Editor’s Note: This article is the second of a three-part series on the topic of missions and singleness. Read the first post here.
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The prospect of sending out missionaries can be intimidating and a bit scary for any church. But it doesn’t have to be. The goal of this piece is to share a few ways that your church can faithfully send and care for your missionaries.
1. When you meet someone who wants to be a missionary, prayerfully consider their giftedness and readiness to go.
Almost four years ago, my small church plant sent me out as their first full-time missionary. Of course, the story didn’t begin there. Back in 2012, I was a member of another church that wanted to plant a new church nearby, closer to my home. So I joined the core team.
I remember telling one of my elders early on that I desired to serve overseas. That simple conversation began a six-year process of evaluation and discipleship by many faithful church members. Many times along the way, I just wanted to get up and go. But looking back, I’m grateful that the process was slow and thoughtful. The Lord used those years to grow in me a deeper love for his church. I met many others who had served overseas and were able to teach me and care for me.
Simply put, my church supported and confirmed my gifts. In other words, it did what God has called the church to do as they send out missionaries (Acts 13). They sent out someone they knew and trusted.
2. When they get to the field, don’t forget about them.
As I reflect on my time of preparation and my first three years on the field, I’m grateful for so much. First and foremost, I’ve realized the connection and intentional care I was receiving from my sending church was extremely rare. Though I had a sending organization and though I met weekly with folks from on the field from my organization, nothing compared to the connection I maintained with my sending church.
I regularly chatted with one of the elders of my church. We talked through difficulties, and I shared various struggles. This elder had intentionally built trust with me beforehand; the distance couldn’t break that. My church also helped me get to know a group of women who intentionally prayed for me both before and while on the field. Sending churches call these groups different things: care teams, advocate teams, Barnabas teams, etc.
I never felt alone or off my church’s radar. This is how it should be. After all, sending a missionary is something the whole church does together. Of course we know it’s difficult for a missionary to stay in touch with hundreds or even thousands of members. But it’s quite easy, with just a little bit of effort, for a missionary to be well known by a few members. These women bore my burdens with me (Gal 6:2). They’re a lifeline to my sending church back home. Take advantage of technology—WhatsApp, FaceTime, Zoom, etc—that makes staying connected to your missionaries easier than ever before.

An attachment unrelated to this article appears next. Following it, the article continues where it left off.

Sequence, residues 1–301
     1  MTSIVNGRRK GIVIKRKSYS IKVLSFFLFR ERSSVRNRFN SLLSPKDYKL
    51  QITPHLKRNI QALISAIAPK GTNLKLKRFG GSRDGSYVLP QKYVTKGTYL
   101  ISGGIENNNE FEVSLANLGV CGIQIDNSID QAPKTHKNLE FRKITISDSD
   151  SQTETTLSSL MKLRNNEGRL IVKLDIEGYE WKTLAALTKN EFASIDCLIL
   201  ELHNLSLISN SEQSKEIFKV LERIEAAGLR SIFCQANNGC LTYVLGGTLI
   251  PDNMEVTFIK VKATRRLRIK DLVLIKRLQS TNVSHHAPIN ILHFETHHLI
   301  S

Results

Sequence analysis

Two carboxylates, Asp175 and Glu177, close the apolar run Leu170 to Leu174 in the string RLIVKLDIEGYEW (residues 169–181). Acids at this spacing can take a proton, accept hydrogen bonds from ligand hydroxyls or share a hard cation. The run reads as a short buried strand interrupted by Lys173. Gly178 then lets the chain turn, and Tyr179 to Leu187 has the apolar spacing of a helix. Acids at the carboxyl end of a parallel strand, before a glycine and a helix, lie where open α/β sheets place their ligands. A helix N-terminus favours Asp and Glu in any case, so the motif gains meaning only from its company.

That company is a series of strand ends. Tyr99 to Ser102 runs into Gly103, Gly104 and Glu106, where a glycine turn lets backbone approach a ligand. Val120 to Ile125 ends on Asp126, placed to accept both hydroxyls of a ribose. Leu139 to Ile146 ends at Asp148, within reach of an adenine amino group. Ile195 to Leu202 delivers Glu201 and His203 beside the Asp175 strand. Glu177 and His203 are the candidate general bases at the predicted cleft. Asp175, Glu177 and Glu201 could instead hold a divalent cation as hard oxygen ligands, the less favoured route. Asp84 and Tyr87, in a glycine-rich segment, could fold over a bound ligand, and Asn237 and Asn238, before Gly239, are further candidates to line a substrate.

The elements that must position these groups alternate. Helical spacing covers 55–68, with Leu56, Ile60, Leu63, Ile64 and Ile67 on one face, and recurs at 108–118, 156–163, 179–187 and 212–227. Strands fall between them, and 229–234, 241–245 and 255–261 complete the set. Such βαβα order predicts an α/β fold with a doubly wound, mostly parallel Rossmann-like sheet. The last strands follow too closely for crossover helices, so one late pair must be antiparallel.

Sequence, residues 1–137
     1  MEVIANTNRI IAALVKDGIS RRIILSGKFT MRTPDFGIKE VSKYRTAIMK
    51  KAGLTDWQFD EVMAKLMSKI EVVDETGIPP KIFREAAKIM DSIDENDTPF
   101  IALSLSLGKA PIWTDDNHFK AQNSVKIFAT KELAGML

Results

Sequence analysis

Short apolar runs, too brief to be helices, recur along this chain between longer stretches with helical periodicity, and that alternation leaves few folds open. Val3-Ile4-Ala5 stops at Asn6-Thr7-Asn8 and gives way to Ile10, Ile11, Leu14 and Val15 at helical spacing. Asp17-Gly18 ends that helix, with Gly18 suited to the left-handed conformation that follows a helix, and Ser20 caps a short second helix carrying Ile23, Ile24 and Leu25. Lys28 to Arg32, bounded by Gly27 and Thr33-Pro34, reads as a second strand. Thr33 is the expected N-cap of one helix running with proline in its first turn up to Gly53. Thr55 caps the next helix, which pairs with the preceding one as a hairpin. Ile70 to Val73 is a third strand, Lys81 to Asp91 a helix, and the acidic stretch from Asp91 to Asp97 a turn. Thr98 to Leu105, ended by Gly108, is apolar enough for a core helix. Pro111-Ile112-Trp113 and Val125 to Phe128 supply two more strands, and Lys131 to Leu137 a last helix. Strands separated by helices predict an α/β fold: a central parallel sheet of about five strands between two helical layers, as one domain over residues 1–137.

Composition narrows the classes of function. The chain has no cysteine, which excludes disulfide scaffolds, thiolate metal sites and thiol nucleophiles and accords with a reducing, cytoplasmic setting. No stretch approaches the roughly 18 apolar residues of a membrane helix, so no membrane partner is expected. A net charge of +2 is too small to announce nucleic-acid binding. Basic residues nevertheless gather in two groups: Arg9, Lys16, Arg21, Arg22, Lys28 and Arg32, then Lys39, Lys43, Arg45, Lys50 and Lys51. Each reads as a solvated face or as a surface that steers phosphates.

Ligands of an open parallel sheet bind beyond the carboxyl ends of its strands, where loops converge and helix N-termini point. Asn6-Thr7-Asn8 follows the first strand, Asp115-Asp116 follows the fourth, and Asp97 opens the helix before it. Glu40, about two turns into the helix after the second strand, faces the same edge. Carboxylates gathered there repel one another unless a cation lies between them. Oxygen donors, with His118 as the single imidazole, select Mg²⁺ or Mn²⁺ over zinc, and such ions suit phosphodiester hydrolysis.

3. Be devoted to praying for — and to let them know you’re praying for them.
Prayer is hard work. So it brought me great joy when I discovered that these women and others from my sending church were devoted to prayer on my behalf. I realized: I’m not alone in this work! Through consistent connection and prayer, your missionaries can join Paul in saying they have received “everything in full” (Phil 4:16) as their needs are supplied.
4. Visit your missionary face-to-face.
After a year and a half on the field, two of my elders, their wives, and a member of my care team came to visit me. They had lofty goals: to encourage me and experience a bit of my life.
As a single woman alone in a Muslim country, having my people “show up” was a gift. But more than that, it spoke loudly to others of my church’s care for me. My local friends knew these people were friends from my church back home. I understand that some people may not be comfortable with being so open. Every missionary will have to discern for themselves what’s best. But I cannot express how wonderful their visit was for me and my local friends.
Without a visit, it’s impossible to discover what your missionaries are really up to. It’s impossible to meet their fellow workers and those whom they desire to serve. So go visit them. Eat their food and walk around their town. By doing so, you may even help your missionaries’ ministry. To this day, my local friends stay in touch with my elders. Though they haven’t come to know Jesus, I trust the Lord is at work!
5. Make sure to connect your missionary to a local church if possible (and it almost always is).
During their visit, my elders also got to know the pastors of the church I joined while on the field. These brothers were able to mutually encourage one another and build each other up. When they got home, my elders encouraged my sending church with stories of their experiences with me. All this helped me understand what Paul meant when he told the church at Philippi: “Because I have you in my heart, and you are all partners with me in grace, both in my imprisonment and in the defense and establishment of the gospel” (Phil. 1:7).
Sadly, I’ve met many missionaries whose ministries are more or less disconnected from any local church. That shouldn’t happen. Just as a loving father cares for his children from afar, sending churches should care for their missionaries on the field. They should ensure they are being fed God’s Word and protected from wolves.
Missionaries need their sending churches, and sending churches should want their missionaries to say, like Paul, “I give thanks to my God for every remembrance of you, always praying with joy for all of you in my every prayer, because of your partnership in the gospel from the first day until now” (Phil. 1:3–5).